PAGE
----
Additional morphological characterizations were performed using atomic force microscopy with a 3D Multimode Nanoscope operated in a tapping mode using Tap-300G silicon cantilevers (Bruker, Karlsruhe, Germany) with a tip radius of <10 nm and a force constant of ≈20–75 N m−1. Samples were deposited onto silicon wafers (P/Bor, single side polished) using ethanol solutions and drop casting; images are shown in Supplementary Figure S10.
DC magnetization (M) and AC magnetic susceptibility (χ) measurements were performed on a PPMS (Quantum Design, San Diego, CA, USA) magnetometer operating in fields of 0–8 T in the temperature range of 2–300 K. AC susceptibility measurements were performed at three distinct frequencies: 1111, 5111 and 9111 Hz. Isothermal variations of M and χ as a function of the external magnetic field (B=μ0H) were obtained at selected temperatures between 5 and 300 K by sweeping the magnetic field in the range of −6000 to +6000 Gauss in both directions. Zero-field-cooling (ZFC) and field-cooling (FC) measurements were performed as follows: the sample was initially cooled to 5 K under zero applied magnetic field. At 5 K, the sample was subjected to a 100 Oe isothermal magnetization followed by data collection while warming from 5 to 300 K in a magnetic field of 100 Oe (ZFC). Subsequently, a second cycle of measurements was performed while cooling the system from 300 to 5 K and maintaining the applied magnetic field at 100 Oe (FC).
CESR experiments in the temperature range of 5–300 K were performed on a X-band Bruker EPR spectrometer (Bruker, Rheinstetten, Germany) equipped with an Oxford ESR 910 cryostat for low temperature measurements. The microwave frequency was calibrated using a frequency counter, and the magnetic field was calibrated using a NMR Gauss meter.
The 209Bi-pulsed nuclear magnetic resonance (NMR) experiments as a function of temperature were performed at 9.4 T using a homemade broadband NMR spectrometer operating in the frequency range of 5−800 MHz. An Oxford 1200 CF continuous flow cryostat (Oxford Instruments, Oxford, UK) was used for measurements in the temperature range of 3.2−160 K. The spectra were acquired using the frequency point-by-point method with a probe tuned at the Larmor frequency each time. The standard Hahn spin echo (π/2-τ-π-τ-echo) pulse sequence was used with a π/2 pulse width of 9 μs. The interpulse delay time τ was set to a value of 30 μs. The spectra points were acquired by measuring the integrated intensity of the spin echoes with 4096 accumulations for each point and a repetition time of 10 s.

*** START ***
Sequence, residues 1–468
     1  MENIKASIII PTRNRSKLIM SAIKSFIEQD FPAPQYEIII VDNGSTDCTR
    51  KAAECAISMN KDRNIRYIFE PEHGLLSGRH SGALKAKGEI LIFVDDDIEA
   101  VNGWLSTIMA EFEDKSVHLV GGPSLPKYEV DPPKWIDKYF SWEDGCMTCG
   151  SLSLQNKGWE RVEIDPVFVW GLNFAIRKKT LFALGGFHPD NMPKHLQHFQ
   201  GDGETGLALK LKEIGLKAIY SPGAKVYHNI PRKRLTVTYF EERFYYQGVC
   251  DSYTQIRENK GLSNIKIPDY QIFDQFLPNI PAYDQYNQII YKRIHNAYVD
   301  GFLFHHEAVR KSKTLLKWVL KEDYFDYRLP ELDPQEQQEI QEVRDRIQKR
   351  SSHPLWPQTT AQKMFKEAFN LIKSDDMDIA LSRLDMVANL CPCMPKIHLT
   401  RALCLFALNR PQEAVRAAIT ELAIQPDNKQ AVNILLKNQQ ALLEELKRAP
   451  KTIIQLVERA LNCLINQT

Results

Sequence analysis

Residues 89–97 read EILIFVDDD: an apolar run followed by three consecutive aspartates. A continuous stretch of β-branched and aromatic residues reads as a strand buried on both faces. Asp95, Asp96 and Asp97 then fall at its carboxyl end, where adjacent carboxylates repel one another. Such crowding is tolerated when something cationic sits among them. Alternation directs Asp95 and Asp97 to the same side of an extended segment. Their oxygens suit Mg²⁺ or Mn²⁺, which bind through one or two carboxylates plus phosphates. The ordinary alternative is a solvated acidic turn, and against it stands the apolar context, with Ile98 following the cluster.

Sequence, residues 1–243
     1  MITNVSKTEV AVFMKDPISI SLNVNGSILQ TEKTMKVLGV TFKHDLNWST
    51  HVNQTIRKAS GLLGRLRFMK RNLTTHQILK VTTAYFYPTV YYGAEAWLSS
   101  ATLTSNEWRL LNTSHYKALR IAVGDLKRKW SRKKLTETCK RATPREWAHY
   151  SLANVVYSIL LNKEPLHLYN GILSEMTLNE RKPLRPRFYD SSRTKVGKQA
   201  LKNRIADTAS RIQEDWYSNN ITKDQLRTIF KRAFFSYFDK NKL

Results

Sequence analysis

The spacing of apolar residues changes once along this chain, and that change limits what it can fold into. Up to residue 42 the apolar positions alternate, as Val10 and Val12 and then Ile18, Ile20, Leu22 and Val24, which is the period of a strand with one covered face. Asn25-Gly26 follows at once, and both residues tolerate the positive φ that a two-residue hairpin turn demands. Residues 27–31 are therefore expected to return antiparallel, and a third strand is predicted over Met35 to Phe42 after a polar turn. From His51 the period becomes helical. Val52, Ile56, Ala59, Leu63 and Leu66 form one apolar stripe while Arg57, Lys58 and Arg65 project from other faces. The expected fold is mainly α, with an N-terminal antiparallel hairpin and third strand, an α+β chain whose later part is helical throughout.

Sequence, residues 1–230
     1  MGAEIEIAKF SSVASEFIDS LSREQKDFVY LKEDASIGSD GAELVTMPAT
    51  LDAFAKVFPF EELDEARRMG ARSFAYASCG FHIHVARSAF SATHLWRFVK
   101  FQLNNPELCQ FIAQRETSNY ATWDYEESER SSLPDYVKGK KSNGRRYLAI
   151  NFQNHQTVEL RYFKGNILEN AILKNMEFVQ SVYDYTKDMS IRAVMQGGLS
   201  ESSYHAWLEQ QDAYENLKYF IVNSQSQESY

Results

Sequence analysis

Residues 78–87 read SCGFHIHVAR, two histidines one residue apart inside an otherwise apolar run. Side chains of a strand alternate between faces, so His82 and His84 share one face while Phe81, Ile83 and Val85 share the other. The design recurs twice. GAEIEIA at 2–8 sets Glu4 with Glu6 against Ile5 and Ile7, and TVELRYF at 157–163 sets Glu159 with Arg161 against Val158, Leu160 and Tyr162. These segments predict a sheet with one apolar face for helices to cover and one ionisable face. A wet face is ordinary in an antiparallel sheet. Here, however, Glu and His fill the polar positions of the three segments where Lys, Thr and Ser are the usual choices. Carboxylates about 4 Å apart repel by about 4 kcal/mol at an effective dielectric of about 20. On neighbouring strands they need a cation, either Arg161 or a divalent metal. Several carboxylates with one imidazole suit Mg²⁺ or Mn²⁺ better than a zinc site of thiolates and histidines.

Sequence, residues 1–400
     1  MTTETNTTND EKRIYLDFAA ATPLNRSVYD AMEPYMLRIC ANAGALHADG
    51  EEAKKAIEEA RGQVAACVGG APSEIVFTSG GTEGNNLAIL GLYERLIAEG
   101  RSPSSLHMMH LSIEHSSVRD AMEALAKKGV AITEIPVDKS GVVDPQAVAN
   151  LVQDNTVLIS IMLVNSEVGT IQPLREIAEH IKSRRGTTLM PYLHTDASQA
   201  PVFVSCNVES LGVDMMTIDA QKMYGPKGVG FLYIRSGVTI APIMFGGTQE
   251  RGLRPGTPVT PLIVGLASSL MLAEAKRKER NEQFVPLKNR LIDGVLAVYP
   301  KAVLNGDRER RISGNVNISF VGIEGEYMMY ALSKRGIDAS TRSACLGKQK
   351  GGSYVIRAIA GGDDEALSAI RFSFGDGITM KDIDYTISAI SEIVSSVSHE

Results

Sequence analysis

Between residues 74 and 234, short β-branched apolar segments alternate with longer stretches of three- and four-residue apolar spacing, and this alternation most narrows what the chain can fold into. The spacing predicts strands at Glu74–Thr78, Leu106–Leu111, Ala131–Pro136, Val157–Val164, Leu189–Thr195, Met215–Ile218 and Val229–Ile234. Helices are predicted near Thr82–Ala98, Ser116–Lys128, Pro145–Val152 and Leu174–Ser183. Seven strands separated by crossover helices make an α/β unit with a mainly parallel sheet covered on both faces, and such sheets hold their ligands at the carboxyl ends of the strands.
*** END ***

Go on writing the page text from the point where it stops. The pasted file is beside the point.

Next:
Results and discussion
Cross-sectional HRTEM images (Figures 1b and c and Supplementary Figure S9) provide visual proof that the nanoplatelets presented herein are highly crystalline mosaics of Bi2Se3 and Bi2Se2 phases. The detailed Rietveld analysis of the XRD patterns (Figure 1d) and X-ray energy dispersion spectroscopy (Supplementary Figure S8 and Supplementary Table S1) results are in excellent agreement with the HRTEM results. Specifically, the red solid line is the theoretical XRD pattern from a hypothetical two-phase sample consisting primarily of paraguanajuatite28 (Bi2Se3, a=b=0.418 nm and c=2.84 nm) and secondarily of nevskite29 (Bi2Se2, a=0.42 nm and c=2.22 nm). The experimentally acquired peaks show a systematic deviation from the theoretical values, strongly indicating intermediate range order possibly because of stacking faults. This result is attributed to the presence of Bi layers between the Bi2Se3 quintuplets, giving rise to a compositional variety of (Bi2)m(Bi2Se3)n intercalated nanoplatelets. The presence of two non-equivalent Bi sites corresponding to Bi2Se3 and intercalated Bi, respectively, is further confirmed by observing the two signal components in the 209Bi NMR spectra (Figure 1e) and in the 209Bi NMR spin-lattice relaxation time (T1) measurements (Supplementary Figure S6). Furthermore, T1 vs temperature measurements are shown to follow the Korringa relation (inset in Supplementary Figure S6), which is a direct evidence of metallic behavior, that is, strong electron doping, most probably produced by Se vacancies and BiSe antisite defects.12